Tom Moyer

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Tom Moyer
BornMarch 2, 1919
DiedNovember 28, 2014(2014-11-28) (aged 95)

Thomas P. Moyer (March 2, 1919 – November 28, 2014) was an American movie theater chain magnate, real estate developer, and philanthropist from the U.S. state of Oregon. Moyer was known for his lightweight boxing career, his career in entertainment, and for developing several real estate projects, including the 1000 Broadway Building, Fox Tower and Park Avenue West Tower.[1]


Moyer was born on March 2, 1919, in Portland, Oregon.[2] He grew up in the Sellwood area of Portland and went to St. Agatha's Catholic School until eighth grade and then dropped out of school as a freshman to start an amateur boxing career. Known as "Tommy," he was a lightweight boxer with 145 victories of 156 amateur fights. Moyer is recognized as one of the greatest boxers ever produced by the state of Oregon, and was inducted into the Oregon Sports Hall of Fame in 1999.[3] He was undefeated as a welterweight in 22 professional fights. He was Northwest Champion from 1935 to 1941, a five-time Pacific Coast Champion, a National AAU State Champion, a National Diamond Belt Champion, and an International Diamond Belt Champion. He fought Sugar Ray Robinson in a five-round amateur bout in Rochester, New York; the winner would go to the 1940 Olympics. Robinson was the winner in a close decision; Moyer was later named to the team after Robinson turned professional. This was Moyer's last defeat in his boxing career. Moyer trained as a member of the U.S. Olympic Boxing team for the Helsinki, Finland Olympics of 1940 but the games were cancelled because of the breakout of World War II.[2] Moyer's nephews Denny Moyer and Phil Moyer also had professional boxing careers.

In 1941, Moyer joined the U.S. Army and served for four years in the I Company, 186th Regiment, 41st Infantry Division. He was stationed in the Southwest Pacific territory that covered Australia, New Guinea and the Philippines. In 1946, Moyer married Marilyn Byrne; they had four children.[2] Moyer's parents, Harry and Rose, owned a movie theater in Sellwood where Moyer worked and learned the theater business.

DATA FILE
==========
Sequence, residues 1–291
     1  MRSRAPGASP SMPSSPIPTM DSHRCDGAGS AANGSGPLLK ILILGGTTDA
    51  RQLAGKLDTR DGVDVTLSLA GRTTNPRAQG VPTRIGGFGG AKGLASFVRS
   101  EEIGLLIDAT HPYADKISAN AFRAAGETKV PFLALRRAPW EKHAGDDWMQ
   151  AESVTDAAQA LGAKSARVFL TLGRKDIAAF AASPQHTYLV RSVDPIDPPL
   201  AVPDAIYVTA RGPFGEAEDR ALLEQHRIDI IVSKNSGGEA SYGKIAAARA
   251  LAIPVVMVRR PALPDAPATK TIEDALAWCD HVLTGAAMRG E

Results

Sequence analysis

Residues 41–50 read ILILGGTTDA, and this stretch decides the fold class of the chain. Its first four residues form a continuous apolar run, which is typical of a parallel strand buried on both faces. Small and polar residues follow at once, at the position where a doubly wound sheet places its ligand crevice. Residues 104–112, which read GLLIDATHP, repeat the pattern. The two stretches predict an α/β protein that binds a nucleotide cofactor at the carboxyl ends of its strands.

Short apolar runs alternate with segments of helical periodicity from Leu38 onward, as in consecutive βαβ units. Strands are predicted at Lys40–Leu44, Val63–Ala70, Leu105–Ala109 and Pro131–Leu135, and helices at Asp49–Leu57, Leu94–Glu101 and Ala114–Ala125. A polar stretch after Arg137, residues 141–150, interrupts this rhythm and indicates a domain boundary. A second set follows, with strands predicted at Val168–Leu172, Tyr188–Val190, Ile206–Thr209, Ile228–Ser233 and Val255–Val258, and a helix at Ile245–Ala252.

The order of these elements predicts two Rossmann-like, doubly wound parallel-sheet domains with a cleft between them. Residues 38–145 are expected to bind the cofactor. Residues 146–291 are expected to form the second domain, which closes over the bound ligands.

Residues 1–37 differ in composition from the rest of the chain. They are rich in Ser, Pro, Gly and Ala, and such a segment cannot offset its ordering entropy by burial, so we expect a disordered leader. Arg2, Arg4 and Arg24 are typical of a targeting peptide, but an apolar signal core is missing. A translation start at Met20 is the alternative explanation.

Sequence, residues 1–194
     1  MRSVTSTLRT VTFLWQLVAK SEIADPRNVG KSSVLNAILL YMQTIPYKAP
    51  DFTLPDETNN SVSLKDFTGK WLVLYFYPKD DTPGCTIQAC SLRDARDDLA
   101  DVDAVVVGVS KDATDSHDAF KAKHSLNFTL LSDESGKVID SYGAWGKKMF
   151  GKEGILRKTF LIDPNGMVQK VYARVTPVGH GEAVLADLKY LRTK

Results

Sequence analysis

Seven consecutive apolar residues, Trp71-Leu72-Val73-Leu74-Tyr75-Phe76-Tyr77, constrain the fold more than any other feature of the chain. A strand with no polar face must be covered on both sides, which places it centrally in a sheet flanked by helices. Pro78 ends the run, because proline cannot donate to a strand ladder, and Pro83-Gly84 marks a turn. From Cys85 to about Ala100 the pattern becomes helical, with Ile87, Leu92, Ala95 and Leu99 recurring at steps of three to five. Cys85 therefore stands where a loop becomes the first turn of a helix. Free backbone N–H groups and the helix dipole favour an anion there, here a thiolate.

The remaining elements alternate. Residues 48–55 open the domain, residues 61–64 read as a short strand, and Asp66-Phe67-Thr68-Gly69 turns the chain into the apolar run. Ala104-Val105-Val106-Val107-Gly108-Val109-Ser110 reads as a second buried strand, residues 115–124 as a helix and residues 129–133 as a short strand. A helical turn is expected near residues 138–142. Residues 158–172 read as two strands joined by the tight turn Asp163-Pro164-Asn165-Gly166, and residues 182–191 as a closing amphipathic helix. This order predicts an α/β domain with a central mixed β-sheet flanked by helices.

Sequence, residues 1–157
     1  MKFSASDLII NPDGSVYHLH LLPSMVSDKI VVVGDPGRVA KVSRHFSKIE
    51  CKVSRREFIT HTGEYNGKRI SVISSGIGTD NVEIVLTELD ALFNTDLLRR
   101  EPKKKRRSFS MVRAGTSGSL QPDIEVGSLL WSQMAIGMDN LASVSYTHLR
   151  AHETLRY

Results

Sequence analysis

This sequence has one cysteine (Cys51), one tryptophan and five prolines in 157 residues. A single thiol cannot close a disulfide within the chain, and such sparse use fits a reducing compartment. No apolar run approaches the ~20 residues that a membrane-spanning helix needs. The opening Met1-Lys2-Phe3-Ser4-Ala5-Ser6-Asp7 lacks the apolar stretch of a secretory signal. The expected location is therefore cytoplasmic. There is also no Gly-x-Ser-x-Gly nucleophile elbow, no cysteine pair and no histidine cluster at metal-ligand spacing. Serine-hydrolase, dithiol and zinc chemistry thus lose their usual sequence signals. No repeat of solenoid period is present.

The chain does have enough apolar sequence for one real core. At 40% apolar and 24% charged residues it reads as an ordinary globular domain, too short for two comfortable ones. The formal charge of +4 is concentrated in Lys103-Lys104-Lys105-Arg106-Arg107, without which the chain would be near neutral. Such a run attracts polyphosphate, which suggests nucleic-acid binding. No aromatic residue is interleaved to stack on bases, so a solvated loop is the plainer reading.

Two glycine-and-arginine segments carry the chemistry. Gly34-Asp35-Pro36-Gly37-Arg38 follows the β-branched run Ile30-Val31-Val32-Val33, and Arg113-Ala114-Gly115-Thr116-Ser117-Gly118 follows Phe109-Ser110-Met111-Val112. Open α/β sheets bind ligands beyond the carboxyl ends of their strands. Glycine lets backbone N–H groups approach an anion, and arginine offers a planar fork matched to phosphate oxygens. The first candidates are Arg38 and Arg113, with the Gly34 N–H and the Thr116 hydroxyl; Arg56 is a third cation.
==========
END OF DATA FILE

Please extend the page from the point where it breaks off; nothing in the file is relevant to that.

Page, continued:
In 1966, Moyer opened Eastgate Theater in Portland, the first multi-screen theater in the region. During the 1970s and 1980s, he grew the theater chain throughout Oregon, Washington, Alaska, Nevada and California. By 1989, he owned 298 screens, making the chain the nation's tenth-largest theater circuit at the time, and the largest privately owned theater circuit in the United States. Moyer also purchased much of the land that theaters were on and later leased the land back to the theaters, spurring his interest in real estate.

In 1989, Moyer sold his theater circuit to Act III Cinemas (now Regal Cinemas) a year after his wife, Marilyn Moyer, died.[2] In the early 1990s, Moyer donated the Marilyn Moyer Meditation Chapel to The Grotto. Tom Moyer died on November 28, 2014, at the age of 95.[2]

TMT Development[edit]

In 1991, Moyer formed TMT Development,[4] a real estate development and property management firm, in Portland. Moyer partnered to develop the 1000 Broadway Building in 1991. The Fox Tower was completed in 2000 and the Park Avenue West Tower, located next to Director Park, was completed in 2016. Moyer retired in 2010. Moyer's granddaughter, Vanessa Sturgeon, is currently President of TMT Development.[citation needed]


Moyer was an honorary trustee for Pioneer Courthouse Square, and he chaired and was involved in fund-raising activities for Central Catholic High School, St. Agatha's School, St. Anthony's Village, Providence St. Vincent Medical Foundation, and Jesuit High School. He was on the board of directors for New Avenues for Youth. At Jesuit High School he built the Marilyn Moyer Theatre, and at The Grotto, he sponsored and built the Marilyn Moyer Meditation Chapel. In 2004, Moyer donated a full city block of surface property to the City of Portland on which Director Park was built.


  1. ^ Njus, Elliot (November 4, 2011). "Work on stalled Park Avenue West tower will resume in 2013, developer says". The Oregonian. Retrieved November 4, 2011.
  2. ^ a b c d e Njus, Elliot (November 28, 2014). "Tom Moyer, world-class boxer turned developer who helped shape Portland's skyline, dies at 95". The Oregonian. Retrieved 30 November 2014.
  3. ^ "Tom Moyer - Boxing". Oregon Sports Hall of Fame. Archived from the original on 2012-05-21.
  4. ^ "Thomas P. Moyer". TMT Development.